Boston to invest more than $12 million in digital equity

Boston mayor Michelle Wu delivers remarks after being sworn in on Nov. 16, 2021. (Scott Eisen / Getty Images)

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Boston Mayor Michelle Wu on Wednesday announced that the city plans to invest more than $12 million in digital equity initiatives, with the goal of providing internet to 23,000 residents.

Wu, who made the announcement with Sen. Ed Markey, D-Mass., said in a press release that the investment will be made through funds from the Federal Communications Commission’s Emergency Connectivity Fund. The fund was signed into law by President Joe Biden as part of the American Rescue Plan last March, with the intent to enable schools and libraries to buy connectivity equipment like Wi-Fi hotspots, modems, routers and laptops for students and teachers to use outside classrooms.

“All Boston residents should have high-speed internet to help access school, work, and stay connected with loved ones,” Wu said in the press release. “I am incredibly grateful to Senator Ed Markey and FCC Chairwoman Jessica Rosenworcel for funding the Emergency Connectivity Fund to address digital connectivity needs in Boston.”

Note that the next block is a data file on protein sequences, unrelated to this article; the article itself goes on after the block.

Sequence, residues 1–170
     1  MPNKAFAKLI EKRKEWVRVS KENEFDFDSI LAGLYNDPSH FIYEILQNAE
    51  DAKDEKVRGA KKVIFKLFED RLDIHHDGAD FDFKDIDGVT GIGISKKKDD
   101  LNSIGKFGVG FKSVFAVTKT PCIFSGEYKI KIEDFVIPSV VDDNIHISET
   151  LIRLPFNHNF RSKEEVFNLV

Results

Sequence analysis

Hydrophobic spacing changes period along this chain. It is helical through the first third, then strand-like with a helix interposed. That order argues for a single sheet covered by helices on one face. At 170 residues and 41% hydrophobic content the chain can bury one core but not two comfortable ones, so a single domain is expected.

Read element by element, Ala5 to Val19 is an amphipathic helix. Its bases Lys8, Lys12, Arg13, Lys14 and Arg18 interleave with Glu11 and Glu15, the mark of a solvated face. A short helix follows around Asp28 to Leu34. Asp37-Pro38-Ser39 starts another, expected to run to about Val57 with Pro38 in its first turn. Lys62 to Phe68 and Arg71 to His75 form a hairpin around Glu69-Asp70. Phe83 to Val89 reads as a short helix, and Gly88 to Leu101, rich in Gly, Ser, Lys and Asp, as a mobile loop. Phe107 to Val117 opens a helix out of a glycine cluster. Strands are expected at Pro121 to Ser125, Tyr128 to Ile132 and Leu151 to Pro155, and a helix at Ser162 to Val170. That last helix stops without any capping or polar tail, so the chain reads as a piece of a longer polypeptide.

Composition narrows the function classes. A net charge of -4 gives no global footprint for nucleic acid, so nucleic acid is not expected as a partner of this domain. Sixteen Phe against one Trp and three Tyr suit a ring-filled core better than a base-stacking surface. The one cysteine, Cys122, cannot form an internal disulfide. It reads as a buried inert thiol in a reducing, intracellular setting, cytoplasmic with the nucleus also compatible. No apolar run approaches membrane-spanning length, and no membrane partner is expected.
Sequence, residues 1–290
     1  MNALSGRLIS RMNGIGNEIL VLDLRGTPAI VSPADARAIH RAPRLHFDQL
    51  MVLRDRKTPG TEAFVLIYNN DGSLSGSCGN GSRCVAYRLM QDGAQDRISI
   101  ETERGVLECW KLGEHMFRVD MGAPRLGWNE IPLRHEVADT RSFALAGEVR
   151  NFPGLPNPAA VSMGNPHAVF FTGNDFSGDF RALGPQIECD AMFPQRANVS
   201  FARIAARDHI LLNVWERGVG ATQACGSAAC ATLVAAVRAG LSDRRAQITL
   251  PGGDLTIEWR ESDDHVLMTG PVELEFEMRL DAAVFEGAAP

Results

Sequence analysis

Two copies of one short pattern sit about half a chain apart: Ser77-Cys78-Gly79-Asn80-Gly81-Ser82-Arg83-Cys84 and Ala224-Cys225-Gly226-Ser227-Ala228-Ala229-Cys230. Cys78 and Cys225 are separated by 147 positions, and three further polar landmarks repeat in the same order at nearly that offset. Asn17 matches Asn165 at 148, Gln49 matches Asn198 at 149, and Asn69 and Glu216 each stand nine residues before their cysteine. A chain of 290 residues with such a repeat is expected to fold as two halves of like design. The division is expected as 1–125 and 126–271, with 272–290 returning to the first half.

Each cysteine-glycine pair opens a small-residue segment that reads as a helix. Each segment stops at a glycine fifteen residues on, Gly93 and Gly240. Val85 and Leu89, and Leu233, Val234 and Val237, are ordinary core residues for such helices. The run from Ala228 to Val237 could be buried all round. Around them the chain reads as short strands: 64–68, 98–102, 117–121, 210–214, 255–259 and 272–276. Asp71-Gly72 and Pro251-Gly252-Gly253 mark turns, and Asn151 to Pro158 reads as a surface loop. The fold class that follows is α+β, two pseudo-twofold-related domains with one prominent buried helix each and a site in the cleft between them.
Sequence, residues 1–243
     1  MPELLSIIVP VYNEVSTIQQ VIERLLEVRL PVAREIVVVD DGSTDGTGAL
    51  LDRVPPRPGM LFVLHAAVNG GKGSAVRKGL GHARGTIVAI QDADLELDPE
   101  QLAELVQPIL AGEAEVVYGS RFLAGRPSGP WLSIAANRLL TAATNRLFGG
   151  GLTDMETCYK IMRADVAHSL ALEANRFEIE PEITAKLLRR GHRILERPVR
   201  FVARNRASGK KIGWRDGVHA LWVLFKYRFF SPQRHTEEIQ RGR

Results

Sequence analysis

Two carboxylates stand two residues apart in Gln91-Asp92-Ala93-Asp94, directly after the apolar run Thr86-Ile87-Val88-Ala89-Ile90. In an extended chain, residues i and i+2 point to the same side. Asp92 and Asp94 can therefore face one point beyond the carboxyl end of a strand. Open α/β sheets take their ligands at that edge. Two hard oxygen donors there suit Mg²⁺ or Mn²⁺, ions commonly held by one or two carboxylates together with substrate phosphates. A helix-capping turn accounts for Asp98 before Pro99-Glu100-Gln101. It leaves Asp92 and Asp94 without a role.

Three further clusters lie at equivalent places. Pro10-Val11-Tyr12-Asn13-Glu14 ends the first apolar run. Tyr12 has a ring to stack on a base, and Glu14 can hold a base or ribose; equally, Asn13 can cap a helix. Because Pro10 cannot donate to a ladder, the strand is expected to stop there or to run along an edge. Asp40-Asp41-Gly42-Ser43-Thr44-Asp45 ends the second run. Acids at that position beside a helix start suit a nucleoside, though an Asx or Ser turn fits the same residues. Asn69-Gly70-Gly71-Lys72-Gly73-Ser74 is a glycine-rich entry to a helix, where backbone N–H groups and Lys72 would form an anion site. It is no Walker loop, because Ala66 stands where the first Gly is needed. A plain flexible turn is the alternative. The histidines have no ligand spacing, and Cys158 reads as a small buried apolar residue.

As part of Boston’s $12 million investment, $2.2 million will be allocated to the Boston Public Library to acquire and distribute Chromebooks and home routers, while $10 million will be given to Boston Public Schools to support connectivity for 20,000 students and their families. The devices will be sent out under “long-term loan agreements,” Wu’s office said, complementing the city’s initial distribution of 55,000 Chromebooks and 8,000 Wi-Fi hotspots during the 2020-2021 school year.

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American Rescue Plan, Boston, Broadband, digital equity, Michelle Wu
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